It would accomplish this by creating a new tax credit for those who make a charitable donation for educational purposes. New York State already provides tax credits for many other purposes, including film and TV production, job creation, economic development and domestic beer brewing.
Low-income and middle-class students would benefit directly from up to $150 million in annual charitable contributions to nonprofit scholarship organizations providing tuition assistance. The new donations for scholarships would make private and parochial education a reality for families seeking new quality educational opportunities and assist those already enrolled who are struggling to afford tuition at schools that best meet their needs.
Additionally, donations to public schools and public school districts would be increased by the same amount – thus making it easier for public schools to enhance their programs without additional reliance on property tax payers or state aid. The bill would also give public school teachers a first-ever New York State income tax credit when they spend their own money on classroom supplies.
No government funds would flow to private or parochial schools.
The bill is being advanced in the wake of education budget cuts and as family economic pressures have led to closures of Catholic and other parochial schools around the state. In 2012, the Senate passed the tax credit 55-4 in an overwhelmingly bipartisan vote. The Assembly version is co-sponsored by two-thirds of the members and a majority of Democrats and Republicans, including leaders of the Black, Puerto Rican, Hispanic & Asian Legislative Caucus.
Full list of supporters:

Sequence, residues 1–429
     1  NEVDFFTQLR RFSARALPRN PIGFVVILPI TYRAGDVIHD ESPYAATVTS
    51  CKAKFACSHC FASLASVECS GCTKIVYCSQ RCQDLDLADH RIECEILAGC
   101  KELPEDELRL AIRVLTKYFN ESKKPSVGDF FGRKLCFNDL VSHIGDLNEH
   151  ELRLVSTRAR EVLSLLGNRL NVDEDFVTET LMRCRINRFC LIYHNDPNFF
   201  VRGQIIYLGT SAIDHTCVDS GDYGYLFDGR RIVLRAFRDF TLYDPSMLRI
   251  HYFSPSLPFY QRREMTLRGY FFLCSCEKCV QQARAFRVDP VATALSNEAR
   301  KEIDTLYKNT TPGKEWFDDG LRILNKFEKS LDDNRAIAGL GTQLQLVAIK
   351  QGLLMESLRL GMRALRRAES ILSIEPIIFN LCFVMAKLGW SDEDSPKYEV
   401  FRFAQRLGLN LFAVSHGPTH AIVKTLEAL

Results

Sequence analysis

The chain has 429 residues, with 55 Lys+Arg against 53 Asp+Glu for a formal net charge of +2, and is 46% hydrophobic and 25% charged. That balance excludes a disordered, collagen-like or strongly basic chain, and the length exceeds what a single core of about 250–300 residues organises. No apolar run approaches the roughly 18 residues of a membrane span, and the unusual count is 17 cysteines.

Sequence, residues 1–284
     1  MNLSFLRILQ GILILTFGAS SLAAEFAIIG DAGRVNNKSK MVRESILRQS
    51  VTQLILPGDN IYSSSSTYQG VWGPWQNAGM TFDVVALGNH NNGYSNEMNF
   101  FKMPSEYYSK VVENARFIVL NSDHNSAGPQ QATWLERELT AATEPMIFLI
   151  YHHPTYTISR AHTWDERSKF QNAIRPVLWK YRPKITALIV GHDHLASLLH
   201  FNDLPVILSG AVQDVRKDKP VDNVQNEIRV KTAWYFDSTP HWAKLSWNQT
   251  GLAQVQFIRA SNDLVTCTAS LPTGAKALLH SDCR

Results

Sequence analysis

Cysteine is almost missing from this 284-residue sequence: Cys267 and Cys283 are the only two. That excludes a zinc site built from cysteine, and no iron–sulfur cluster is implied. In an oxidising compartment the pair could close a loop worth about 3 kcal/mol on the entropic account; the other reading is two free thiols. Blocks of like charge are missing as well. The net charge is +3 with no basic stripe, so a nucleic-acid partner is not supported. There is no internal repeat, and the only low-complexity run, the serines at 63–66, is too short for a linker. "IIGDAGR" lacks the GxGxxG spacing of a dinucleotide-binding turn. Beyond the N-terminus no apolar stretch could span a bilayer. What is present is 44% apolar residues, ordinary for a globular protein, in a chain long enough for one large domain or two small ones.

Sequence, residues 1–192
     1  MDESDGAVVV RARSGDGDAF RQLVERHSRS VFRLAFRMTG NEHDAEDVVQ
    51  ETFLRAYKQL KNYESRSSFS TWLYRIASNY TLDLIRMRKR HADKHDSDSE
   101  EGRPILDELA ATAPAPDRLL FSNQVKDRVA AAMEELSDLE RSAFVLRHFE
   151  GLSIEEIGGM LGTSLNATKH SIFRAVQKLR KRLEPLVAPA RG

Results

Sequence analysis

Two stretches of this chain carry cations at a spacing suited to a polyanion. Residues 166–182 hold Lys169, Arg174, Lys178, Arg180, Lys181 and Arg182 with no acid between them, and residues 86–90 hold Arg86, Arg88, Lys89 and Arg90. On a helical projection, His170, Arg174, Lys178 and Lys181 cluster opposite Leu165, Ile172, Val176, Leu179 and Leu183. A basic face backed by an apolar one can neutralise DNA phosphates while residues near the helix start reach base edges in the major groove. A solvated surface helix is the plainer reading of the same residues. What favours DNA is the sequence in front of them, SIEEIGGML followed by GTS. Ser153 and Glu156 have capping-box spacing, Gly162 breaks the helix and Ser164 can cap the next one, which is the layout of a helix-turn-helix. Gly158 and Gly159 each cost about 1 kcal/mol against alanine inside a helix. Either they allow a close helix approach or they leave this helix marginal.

32BJ/SEIU — Agudath Israel of America — Albany African American Clergy United for Empowerment — Aprendes Foundation — Association of Christian Schools International — Association of Historic Black Independent Schools — Beacon of Hope Scholarship Fund — BISON Fund — Black Girl Project — Boys & Girls Club of Buffalo — Boys & Girls Club of Mount Vernon — Brooklyn Chamber of Commerce — Brooklyn Movement Center — Brooklyn Music School — Buffalo District Parent Coordinating Council — Buffalo ReformED — Buffalo Urban LeagueBusiness Council of Westchester — Calvary Baptist Church of White Plains — Camara Latinoamericana de Comercio (Latin American Chamber of Commerce of Brentwood) — Capital District YMCA — CAUSE–NYS — Centro Altagracia de Fe y Justicia — Children’s Scholarship Fund — Comite Civico Independiente Salvadoreno — DonorsChoose.org — Enterprise Association of Steamfitters, UA Local 638 (Long Island & New York City) — Federation of Catholic Teachers, OPEIU Local 153 AFL-CIO — Foundation for Opportunity in Education — Friendship for Tots — Futures in Education — Greek Orthodox Archdiocese of America — Groundswell — Inner City Foundation of New York — Inner-City Scholarship Fund — International Union of Operating Engineers, Local 30, AFL-CIO — Jewish Education Project — Kaleidoscope Theatre Productions — Lutheran Schools Association — Manhattan Chamber of Commerce — Masjid Darul Qu’ran Academy — Mount Olivet Baptist Church, Saratoga Springs — MusicalFare Theatre — N.A.A.C.P. Brooklyn Branch — Nazarene Congregational UCC Church — New York City Captains Endowment Association — New York City Detectives Endowment Association — New York City Hispanic Chamber of Commerce — New York City Outward Bound Schools — New York City Patrolmen’s Benevolent Association — New York State Association of P.B.A.’s — New York State Catholic Conference — New York State Coalition for Opportunity in Education — New York State Court Officers Association — New York State Public Employee Conference — New York State Supreme Court Officers Association, ILA, AFL-CIO — New York State Troopers PBA — New York State Coalition for Independent and Religious Schools — Northwest Buffalo Community Center — Orthodox Union of Jewish Congregations — Partnership for Inner-City Education — Plumbers and Steamfitters, UA Local 267 (Central New York) — Plumbers of New York City, UA Local 1 — Police Conference of New York — Rev. Dr. Bennett W. Smith Family Life Center — Rochester Business Alliance — Sergeants Benevolent Association, NYPD — Tomorrow’s Hope Foundation — UJA-Federation of New York — Uniformed EMTs, Paramedics & Fire Inspectors FDNY, Local 2507, DC 37, AFSCME, AFL-CIO — Uniformed Fire Officers Association, IFAA Local 854, AFL-CIO — Uniformed Firefighters Association of Greater New York, Local 94 IFAA AFL-CIO — Uniformed Sanitationmen’s Association (Local 831 Teamsters) – United Black Clergy of Westchester — Voces Latina Marcando la Diferencia — Wee Create BK — White Plains Housing Authority — YMCA of Greater Rochester